I just read a very interesting article about another female basketball player, just a few years older than MArgaret but younger than Katie who has been criticized. Candace Parker, who is many of my daughter's favorite female athlete, recently got pregnant. Read this well written article.
Parker Deserves Support, Not Censure, for Embracing MotherhoodBy Colleen Carroll Campbell
Posted: Saturday, February 14, 2009
St. Louis Post Dispatch
Publication Date: February 12, 2009
Last month in California, 33-year-old unemployed single mother of six, Nadya Suleman, gave birth to octuplets conceived through in vitro fertilization and promptly hired a publicist to field the torrent of interview requests and book-deal offers headed her way. That same week, a group of middle-aged single mothers in New Jersey was the subject of a fawning profile in The New York Times that celebrated their decisions to intentionally create fatherless families. And just last week, 60-year-old Canadian Ranjit Hayer enjoyed celebratory headlines when she gave birth to twins conceived through IVF, becoming a first-time mother at an age when most women are doting on their grandchildren.
It was in this context of unconventional motherhood that St. Louis-born WNBA star Candace Parker recently announced her pregnancy. Parker probably figured the news would be non-controversial, given that the fresh-faced Los Angeles Sparks forward and Olympic gold medalist is happily married to Sacramento Kings forward Shelden Williams. Both earn more than enough to support a family: Parker alone reaps millions on and off the court as one of the most celebrated women athletes in the world.
But Parker's pregnancy was not greeted with the same approval and tolerance that many of today's child-bearing sexagenarians and single mothers by choice enjoy when they form their families. Instead, Parker was blasted by fans and pundits for becoming a mother at age 22. Critics bemoaned her selfishness in putting maternal ambitions ahead of her team's 2009 season prospects. Others lamented her foolishness for starting a family when she should be living a strings-free existence oriented around her glamorous career.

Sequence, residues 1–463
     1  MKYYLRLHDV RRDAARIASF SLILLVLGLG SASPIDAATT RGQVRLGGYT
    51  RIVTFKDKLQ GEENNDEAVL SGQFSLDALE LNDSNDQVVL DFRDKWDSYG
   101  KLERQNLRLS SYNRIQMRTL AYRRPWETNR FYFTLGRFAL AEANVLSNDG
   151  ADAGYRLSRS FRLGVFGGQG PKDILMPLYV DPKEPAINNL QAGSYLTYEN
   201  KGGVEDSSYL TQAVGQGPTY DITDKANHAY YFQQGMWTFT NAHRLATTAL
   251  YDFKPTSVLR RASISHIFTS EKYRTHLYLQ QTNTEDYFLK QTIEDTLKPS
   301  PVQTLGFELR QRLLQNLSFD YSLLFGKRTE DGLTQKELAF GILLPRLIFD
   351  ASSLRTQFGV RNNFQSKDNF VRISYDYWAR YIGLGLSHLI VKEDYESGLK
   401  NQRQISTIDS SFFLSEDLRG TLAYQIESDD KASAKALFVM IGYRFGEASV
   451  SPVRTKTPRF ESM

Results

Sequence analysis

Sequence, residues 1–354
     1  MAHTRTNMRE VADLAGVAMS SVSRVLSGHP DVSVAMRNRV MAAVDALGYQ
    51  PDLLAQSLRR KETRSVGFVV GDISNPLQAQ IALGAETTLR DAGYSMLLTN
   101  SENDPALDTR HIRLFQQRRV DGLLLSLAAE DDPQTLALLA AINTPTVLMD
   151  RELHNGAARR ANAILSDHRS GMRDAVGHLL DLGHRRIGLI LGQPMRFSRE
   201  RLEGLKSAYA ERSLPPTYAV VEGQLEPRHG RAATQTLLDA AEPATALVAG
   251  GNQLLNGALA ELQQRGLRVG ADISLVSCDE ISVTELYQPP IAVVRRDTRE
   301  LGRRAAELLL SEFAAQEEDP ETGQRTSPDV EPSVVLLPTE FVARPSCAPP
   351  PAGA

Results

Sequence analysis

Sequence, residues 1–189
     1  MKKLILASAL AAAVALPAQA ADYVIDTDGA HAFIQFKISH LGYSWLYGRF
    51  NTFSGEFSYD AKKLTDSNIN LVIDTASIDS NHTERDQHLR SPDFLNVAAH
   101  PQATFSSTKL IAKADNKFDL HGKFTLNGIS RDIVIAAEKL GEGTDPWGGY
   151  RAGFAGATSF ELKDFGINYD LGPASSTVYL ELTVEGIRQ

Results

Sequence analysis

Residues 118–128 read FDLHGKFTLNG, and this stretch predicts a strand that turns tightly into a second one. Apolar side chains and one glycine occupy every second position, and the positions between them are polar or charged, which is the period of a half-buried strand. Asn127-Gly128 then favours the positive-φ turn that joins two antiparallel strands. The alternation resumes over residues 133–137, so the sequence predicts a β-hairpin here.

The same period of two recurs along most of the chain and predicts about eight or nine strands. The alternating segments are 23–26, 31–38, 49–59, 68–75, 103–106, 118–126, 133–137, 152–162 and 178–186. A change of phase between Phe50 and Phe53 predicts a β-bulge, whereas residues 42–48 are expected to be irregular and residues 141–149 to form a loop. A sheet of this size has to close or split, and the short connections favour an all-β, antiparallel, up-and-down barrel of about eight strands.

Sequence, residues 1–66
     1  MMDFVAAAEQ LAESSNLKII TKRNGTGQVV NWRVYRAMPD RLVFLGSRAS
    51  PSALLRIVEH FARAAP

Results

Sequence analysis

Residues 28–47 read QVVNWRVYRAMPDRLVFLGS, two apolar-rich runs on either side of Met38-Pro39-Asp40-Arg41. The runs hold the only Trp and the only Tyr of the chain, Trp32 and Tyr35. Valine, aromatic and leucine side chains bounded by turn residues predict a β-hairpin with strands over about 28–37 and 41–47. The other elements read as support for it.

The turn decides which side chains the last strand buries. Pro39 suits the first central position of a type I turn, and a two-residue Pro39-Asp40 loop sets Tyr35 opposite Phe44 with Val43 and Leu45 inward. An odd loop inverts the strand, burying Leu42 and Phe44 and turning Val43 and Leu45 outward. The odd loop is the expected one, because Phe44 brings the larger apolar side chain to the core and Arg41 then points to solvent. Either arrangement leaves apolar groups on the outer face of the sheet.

Not long ago, a 22-year-old woman was considered plenty old enough to marry and bear children. But in today's era of prolonged adolescence and commitment phobia, high-achieving women like Parker often face ridicule and scorn for defying the feminist conventional wisdom that marriage and motherhood are second-rate pursuits best delayed until middle age. Young mothers frequently are accused of forfeiting a hard-won feminist privilege: the right to spend their 20s single-mindedly pursuing sexual license, success and self-fulfillment without the hassles of a husband and children.
For her part, Parker told the Los Angeles Times that she wanted her children to grow up witnessing the athletic career of their young mother rather than arriving after it ends. Although she believes she can return to basketball as a mother, Parker said, "The biggest thing for me is not a matter of if or when [I return] but of coming back with a good balance in my life."
Parker's view of motherhood as "a blessing" that will "make me a fuller, happier person" is not as unusual as the media hoopla over her pregnancy suggests. As The Wall Street Journal recently reported, the National Center for Health Statistics has released data showing that the mean age at which American women bear their first babies decreased for the first time since the collection of such data began in 1968. The decline in age among first-time mothers was slight -- from 25.2 years in 2005 to 25.0 years in 2006, the latest year for which numbers are available -- but the biggest uptick in first-time births was found among women in their early 20s.
The reasons behind that uptick vary from mother to mother. But the ones Parker cited surely motivate many young women, as does the desire to avoid the trials of infertility and single motherhood often experienced by women who awaken late to their longing for children. Rather than being criticized, Parker ought to be applauded for bearing her child in the stable context of a marriage and daring to trade some of her youthful freedom for the grown-up reward of committed family love.
-- Colleen Carroll Campbell is an author, television and radio host and St. Louis-based fellow at the Ethics and Public Policy Center. Her website is www.colleen-campbell.com.
9.80 APG 3.8 EFF + 21.67
Born: Apr 19, 1986
Height: 6-4 / 1,93
Weight: 175 lbs. / 79,4 kg.
Years Pro: 1